Half of NHS workers have warned that trusts are understaffed and feel they lack sufficient time to do their jobs properly, a survey has revealed.
The 2009 NHS staff survey of 159,500 workers also showed the level of staff-on-staff violence has failed to improve for the second year in a row.
The results, published today, found that 46% of workers felt they do not have enough time, and 45% claimed there are not enough staff to enable them to carry out their tasks.
About 2% of workers said they had experienced physical violence from other staff, the same as 2008.
However, nine in 10 (90%) employees felt they were making a difference to patients.
Staff job satisfaction has also never been higher (3.5 on a scale of 1-5), and findings showed strong levels of engagement with their jobs (3.84 on a scale of 1-5).
Clare Chapman, director general for workforce at the Department of Health, said: “Patients can be confident they are getting a better deal from staff.
“I am delighted to see improvements to the highest ever level in so many areas. Staff are reporting better experience with appraisal, support from their managers and with the quality of care they are able to deliver.”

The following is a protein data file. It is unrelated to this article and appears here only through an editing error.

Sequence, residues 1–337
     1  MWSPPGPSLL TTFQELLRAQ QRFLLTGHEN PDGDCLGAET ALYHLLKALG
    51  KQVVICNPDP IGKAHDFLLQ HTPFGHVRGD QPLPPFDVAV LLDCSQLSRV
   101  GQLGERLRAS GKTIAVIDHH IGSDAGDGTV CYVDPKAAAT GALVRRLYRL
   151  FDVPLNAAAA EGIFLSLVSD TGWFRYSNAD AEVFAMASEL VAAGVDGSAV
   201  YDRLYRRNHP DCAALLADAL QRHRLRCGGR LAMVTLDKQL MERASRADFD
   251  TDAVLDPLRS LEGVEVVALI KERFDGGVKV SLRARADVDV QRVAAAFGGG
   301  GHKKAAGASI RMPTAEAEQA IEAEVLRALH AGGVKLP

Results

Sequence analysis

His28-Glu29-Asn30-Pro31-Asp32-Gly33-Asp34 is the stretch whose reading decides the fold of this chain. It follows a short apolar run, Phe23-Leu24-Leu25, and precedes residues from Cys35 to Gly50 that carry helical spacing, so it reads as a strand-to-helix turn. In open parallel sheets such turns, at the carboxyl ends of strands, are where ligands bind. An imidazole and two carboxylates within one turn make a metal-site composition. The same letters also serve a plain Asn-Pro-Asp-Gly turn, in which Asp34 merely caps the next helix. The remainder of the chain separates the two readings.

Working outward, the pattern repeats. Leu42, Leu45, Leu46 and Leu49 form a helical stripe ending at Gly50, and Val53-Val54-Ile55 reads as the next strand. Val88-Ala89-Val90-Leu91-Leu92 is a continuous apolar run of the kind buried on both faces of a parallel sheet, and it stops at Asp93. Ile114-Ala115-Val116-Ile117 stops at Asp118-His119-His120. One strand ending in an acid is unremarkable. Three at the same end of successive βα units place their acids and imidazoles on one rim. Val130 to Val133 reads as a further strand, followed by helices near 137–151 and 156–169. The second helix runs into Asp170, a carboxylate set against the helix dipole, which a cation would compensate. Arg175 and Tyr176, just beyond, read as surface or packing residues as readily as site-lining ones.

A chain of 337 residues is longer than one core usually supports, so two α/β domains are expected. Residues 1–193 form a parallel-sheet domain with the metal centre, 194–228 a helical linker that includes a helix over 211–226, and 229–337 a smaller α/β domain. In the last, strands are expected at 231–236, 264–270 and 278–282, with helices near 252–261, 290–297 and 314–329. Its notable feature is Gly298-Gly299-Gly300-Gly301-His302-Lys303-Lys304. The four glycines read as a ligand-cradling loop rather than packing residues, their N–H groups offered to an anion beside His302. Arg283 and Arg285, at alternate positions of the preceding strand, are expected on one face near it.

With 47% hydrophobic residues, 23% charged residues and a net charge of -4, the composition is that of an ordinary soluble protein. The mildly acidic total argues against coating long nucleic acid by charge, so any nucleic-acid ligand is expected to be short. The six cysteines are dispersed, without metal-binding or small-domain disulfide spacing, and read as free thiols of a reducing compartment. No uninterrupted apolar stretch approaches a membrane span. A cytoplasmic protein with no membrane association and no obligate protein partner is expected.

However, many staff feel excluded from decision-making, and there is a strong view that senior managers do not act on feedback. Overall, less than a third were satisfied with the extent to which their trust values their work.
Just under half (44%) of workers said their trust was committed to helping staff balance work and home life, and 15% said they would not recommend the trust as a place to work, the same as 2008. The number of staff reporting to have suffered from work-related stress remained unchanged from the previous year at 28%, although this is less than 2007 (33%).
The results also showed one in six employees (17%) had experienced bullying, harassment or abuse from either their line manager or other colleagues, similar to previous years (18% in 2007 and 2008).
Eleven per cent of NHS staff reported experiencing physical violence from patients in the previous 12 months, a figure relatively unchanged from previous years (13% in 2007).
Nearly three-quarters (71%) of incidents of physical violence and more than half (53%) of bullying, harassment or abuse cases were reported.
Health minister Ann Keen said: “While any level of physical violence, bullying or harassment of staff by patients or the public is unacceptable, I am encouraged that the levels reported are the lowest they have ever been. It is evidence of commitments nationally and locally to support staff, and shows progress can and is being made.”